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Happy UN Peacekeepers Day

The compound has been full of military and police recently, in preparation for the celebration of Peacekeepers Day!

 

It might seem like a lot of ceremony, but I was certainly glad that these guys were around this week, especially the one with the trombone.

The International Day of Peacekeepers was established by a UN resolution in 2002 and was first celebrated in 2003. The Day is intended to pay tribute “to all the men and women who have served and continue to serve in UN peacekeeping operations, as well as to honour the memory of those who have lost their lives in the cause of peace.


Thanks to @mikeymushi for taking the video

Son of Bad Chair

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Lean back, yo

Many of you will remember some of my fond memories of my first week in the office, having been given a chair that had razor blades where armrests should go.

 

Ah yes, the Saga of Bad Chair was a classic tale of acclimating to a new environment without accidentally slitting one’s wrists, and I know you were all relieved when I informed you that Bad Chair had found a new home and a room with a view. 

I am pleased to report that now Bad Chair has made friends, a small alliance of office chairs that haven’t fit the bill but each bring to the table their own special characteristics.

As you see in the photo here, Bad Chair (in the back on the left) has befriended this poor crippled soul, who we’ll call Leany.

Leany is almost certainly the victim of the chocolate croissants in the downstairs cafe, coupled with someone’s overenthusiasm to push back from their desks and get the hell home.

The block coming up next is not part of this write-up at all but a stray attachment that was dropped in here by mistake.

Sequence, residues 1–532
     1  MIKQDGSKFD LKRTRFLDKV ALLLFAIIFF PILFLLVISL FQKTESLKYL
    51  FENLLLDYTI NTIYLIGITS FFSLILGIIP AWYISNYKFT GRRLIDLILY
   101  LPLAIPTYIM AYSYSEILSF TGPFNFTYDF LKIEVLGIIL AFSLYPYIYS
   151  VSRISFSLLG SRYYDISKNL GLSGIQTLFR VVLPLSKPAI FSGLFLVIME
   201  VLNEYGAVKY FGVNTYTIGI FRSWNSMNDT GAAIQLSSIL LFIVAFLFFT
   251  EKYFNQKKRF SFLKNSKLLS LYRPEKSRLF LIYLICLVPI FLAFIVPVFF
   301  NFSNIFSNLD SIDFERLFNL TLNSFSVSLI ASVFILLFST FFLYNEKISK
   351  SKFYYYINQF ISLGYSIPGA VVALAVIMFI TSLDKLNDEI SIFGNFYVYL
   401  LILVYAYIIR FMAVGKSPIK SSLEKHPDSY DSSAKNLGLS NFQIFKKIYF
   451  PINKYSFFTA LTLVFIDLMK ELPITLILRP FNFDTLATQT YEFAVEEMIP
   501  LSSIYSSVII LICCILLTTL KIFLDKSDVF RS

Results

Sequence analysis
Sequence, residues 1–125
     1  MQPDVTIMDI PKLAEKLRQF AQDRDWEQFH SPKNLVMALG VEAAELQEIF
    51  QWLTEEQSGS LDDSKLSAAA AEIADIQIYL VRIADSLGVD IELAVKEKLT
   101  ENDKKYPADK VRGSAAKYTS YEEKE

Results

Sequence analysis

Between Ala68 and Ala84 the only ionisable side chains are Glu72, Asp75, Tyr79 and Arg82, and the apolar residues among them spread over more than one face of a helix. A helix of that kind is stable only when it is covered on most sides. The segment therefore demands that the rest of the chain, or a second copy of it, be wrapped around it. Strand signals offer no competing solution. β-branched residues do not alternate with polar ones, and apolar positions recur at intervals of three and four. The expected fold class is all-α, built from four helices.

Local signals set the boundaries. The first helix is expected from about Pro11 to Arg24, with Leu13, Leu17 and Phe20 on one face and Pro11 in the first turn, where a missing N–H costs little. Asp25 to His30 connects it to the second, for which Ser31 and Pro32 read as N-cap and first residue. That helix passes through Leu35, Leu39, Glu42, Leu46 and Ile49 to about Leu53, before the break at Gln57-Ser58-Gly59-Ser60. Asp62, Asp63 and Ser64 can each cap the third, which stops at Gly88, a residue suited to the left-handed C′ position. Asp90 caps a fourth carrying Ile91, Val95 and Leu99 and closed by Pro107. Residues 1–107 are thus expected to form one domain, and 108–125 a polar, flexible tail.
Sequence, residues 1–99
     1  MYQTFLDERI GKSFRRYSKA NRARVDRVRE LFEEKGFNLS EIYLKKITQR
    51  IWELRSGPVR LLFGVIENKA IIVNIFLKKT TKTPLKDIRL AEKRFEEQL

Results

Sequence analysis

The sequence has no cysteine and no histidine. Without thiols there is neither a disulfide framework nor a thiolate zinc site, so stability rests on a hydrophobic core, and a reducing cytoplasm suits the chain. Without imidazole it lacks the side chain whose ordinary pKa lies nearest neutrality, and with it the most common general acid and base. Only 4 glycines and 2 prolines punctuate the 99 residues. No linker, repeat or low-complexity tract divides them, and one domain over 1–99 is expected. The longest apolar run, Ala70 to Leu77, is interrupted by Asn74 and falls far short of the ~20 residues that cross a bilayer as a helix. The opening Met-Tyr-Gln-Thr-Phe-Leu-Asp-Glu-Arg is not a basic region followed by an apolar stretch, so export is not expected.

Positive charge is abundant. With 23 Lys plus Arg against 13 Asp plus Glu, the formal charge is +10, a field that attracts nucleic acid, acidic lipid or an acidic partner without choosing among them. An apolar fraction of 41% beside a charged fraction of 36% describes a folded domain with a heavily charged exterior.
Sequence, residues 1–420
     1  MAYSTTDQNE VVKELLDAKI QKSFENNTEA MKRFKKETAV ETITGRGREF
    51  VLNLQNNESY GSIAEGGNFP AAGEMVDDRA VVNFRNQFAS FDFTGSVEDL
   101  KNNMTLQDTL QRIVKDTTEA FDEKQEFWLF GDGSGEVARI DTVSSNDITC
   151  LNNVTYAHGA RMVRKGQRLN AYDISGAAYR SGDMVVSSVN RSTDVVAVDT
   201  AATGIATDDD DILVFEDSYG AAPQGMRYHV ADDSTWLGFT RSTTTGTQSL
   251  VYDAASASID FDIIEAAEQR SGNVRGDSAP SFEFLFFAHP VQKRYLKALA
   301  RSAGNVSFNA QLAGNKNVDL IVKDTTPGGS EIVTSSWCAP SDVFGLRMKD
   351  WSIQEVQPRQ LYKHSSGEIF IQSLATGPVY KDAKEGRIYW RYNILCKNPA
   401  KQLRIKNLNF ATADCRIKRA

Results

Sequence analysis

Leany is working with what he’s got, though.  Bad Chair reports that, together in this haven for the broken, they are teaching one another how to Dougie. 

 

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Leany won’t let you keep him down!

Important Updates!

In the spirit of trying to make things work, we gave Leany a chance.

It didn’t turn out well.

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Perspective

So timing last week was bad.  First I got a bit rattled by the news of Camille Lepage’s death, then the presumption of safety in Nairobi was thrown into question.

Some things end up filtering out to the public. It’s now public knowledge that the UN has banned visitors to the compound.  The US Embassy (across the street) has reduced their staff on site and increased security, including marines and roof snipers. 

But what are the actual dangers?

After the escalating rumors last week regarding terrorism in Nairobi, we topped off the week with the Gikomba Market explosions.

What I found extraordinary is how immediately the Western news media picked up on the Gikomba Market attack. We’ve had about TWENTY IED/grenade explosions in Nairobi, many even since Westgate in September 2013.